CBC accused of ‘looking the other way’ over workplace harassment

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Since the Jian Ghomeshi scandal broke, CBC execs have insisted they knew nothing of the star’s nefarious behaviour but now one ex-producer is publically disputing those claims, saying Ghomeshi preyed on her in the workplace and management refused to acknowledge it.

Kathryn Borel came forward Tuesday to refute CBC’s claims that they did nothing wrong while Ghomeshi was under their employment. According to Borel, CBC managers simply “looked the other way” when she complained about his abuse but, more than that, she claims they had seen his actions first hand as Ghomeshi openly victimized her in front of co-workers, for years.

Borel says the abuse began early into her career with CBC; “A few months into my job in 2007, I let out a big yawn at a staff meeting and [Ghomeshi] told me “I want to hate fuck you, to wake you up.”’

From there, the abuse escalated –uninvited back massages, physical groping, sexual intimidation, gas-lighting and psychological games all became part of Borel’s typical work day.

“He once grabbed my waist from behind – in front of our fellow colleague, at the office – and proceeded to repeatedly thrust his crotch into my backside.”

In 2010, Borel went to her union in an attempt to end the pattern of sexual harassment. She says the union representative and her executive producer did nothing. When she was finally called into a meeting with executive producer Arif Noorani, he told her “Ghomeshi was the way he was, and that [she] had to figure out how to cope with that.”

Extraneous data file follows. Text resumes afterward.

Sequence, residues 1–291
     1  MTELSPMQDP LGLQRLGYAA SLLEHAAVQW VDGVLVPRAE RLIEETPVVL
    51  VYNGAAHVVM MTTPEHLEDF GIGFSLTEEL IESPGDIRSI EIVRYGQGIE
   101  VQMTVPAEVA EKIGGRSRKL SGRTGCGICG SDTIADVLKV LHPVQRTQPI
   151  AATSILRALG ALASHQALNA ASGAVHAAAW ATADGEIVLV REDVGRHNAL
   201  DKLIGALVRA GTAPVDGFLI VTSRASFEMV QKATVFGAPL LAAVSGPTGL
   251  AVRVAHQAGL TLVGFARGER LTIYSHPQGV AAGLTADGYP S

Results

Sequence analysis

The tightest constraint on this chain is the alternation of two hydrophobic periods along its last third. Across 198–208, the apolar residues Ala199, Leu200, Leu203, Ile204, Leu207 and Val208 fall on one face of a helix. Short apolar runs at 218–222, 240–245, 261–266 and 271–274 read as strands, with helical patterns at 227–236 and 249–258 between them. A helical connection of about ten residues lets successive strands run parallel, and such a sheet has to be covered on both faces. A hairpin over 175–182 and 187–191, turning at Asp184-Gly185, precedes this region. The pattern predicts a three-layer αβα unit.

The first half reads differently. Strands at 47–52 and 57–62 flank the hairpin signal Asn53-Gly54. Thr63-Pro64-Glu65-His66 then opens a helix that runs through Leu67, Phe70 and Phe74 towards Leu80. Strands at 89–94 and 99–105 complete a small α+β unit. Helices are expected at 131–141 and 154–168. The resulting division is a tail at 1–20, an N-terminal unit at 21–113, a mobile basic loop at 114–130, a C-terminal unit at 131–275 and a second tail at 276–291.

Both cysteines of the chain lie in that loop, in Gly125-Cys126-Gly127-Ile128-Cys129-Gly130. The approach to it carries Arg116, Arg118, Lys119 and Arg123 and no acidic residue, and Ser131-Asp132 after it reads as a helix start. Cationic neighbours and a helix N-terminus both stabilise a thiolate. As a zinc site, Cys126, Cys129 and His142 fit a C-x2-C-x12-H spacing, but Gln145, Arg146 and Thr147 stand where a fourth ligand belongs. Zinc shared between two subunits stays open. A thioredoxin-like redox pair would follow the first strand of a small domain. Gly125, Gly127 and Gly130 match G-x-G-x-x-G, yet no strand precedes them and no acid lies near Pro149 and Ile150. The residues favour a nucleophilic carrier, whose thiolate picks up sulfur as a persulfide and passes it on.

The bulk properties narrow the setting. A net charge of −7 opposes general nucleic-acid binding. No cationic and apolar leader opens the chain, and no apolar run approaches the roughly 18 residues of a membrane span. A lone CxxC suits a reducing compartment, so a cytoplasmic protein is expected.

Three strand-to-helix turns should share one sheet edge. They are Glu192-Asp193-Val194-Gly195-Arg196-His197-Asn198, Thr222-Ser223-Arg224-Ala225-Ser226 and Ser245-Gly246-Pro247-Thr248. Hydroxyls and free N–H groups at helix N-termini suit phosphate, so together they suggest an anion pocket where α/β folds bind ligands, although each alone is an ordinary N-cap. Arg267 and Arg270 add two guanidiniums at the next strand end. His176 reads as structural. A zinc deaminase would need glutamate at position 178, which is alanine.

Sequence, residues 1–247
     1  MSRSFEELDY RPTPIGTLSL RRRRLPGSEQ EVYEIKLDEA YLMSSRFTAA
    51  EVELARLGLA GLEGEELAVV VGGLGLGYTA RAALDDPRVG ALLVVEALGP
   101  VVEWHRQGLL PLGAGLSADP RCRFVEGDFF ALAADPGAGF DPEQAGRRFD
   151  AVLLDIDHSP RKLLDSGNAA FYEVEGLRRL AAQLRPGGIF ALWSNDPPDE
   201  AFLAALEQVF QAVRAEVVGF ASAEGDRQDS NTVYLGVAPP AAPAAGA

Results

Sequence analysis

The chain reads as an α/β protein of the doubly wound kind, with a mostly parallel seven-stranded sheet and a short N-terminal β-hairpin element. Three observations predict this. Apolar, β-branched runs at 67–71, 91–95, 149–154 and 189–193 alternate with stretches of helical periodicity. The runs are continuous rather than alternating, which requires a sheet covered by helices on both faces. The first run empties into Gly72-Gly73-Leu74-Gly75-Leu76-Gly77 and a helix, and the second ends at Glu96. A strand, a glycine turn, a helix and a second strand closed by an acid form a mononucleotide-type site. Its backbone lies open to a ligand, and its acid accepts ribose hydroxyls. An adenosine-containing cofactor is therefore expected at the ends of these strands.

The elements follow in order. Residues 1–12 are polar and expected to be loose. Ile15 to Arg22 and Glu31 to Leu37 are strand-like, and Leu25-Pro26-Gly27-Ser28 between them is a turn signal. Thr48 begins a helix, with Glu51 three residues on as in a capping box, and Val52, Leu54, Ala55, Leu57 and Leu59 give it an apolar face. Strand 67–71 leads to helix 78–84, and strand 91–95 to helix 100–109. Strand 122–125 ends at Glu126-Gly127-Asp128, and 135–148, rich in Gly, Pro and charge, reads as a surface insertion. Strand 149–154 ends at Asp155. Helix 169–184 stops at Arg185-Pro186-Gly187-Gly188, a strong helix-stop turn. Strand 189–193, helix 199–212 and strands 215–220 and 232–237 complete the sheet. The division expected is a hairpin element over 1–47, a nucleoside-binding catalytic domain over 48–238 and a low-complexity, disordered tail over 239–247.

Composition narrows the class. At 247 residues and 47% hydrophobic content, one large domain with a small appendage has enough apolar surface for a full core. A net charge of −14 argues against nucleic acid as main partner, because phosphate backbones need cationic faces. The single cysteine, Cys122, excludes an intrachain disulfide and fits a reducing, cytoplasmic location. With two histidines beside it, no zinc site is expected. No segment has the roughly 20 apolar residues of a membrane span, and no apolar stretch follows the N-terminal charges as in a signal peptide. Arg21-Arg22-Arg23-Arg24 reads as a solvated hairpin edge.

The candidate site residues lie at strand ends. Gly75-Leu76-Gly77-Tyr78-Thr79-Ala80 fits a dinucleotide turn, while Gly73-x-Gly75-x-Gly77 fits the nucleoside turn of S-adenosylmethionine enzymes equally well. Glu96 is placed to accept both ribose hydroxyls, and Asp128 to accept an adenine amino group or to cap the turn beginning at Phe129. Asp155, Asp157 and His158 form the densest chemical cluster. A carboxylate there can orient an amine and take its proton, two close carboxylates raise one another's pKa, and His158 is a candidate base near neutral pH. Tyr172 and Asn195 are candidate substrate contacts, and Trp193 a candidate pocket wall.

Borel’s allegations fly in the face of all previous statements by the CBC, which vehemently deny any previous knowledge of Ghomeshi’s unpalatable behaviour, and the call the corporation’s ethics into question.

Now, Borel is campaigning for “real accountability, and real introspection” by her previous employer. As of yet, not one CBC manager or executive who was complicit in creating, or maintaining, an unhealthy and abusing work environment has apologized, let alone lost their job.

What do you think? Should CBC apologize for their actions, or lack thereof?

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  • Sonnya on 2014-12-04 9:41:11 AM

    CBC must come clean on this issue. I find it hard to believe that Ghomeshi is the only CBC star who has been accorded the royal "protection bubble" by CBC. The organization has to establish a clear harassment prevention policy and implement and monitor it with rigour. While zero tolerance is not a guarrantee of protection, management behaviour and modeling would go a long way into cleaning up this situation.

  • S. Arrojado on 2014-12-04 9:42:39 AM

    CBC must come clean on this issue. I find it hard to believe that Ghomeshi is the only CBC star who has been accorded the royal "protection bubble" by CBC. The organization has to establish a clear harassment prevention policy and implement and monitor it with rigour. While zero tolerance is not a guarrantee of protection, management behaviour and modeling would go a long way into cleaning up this situation.

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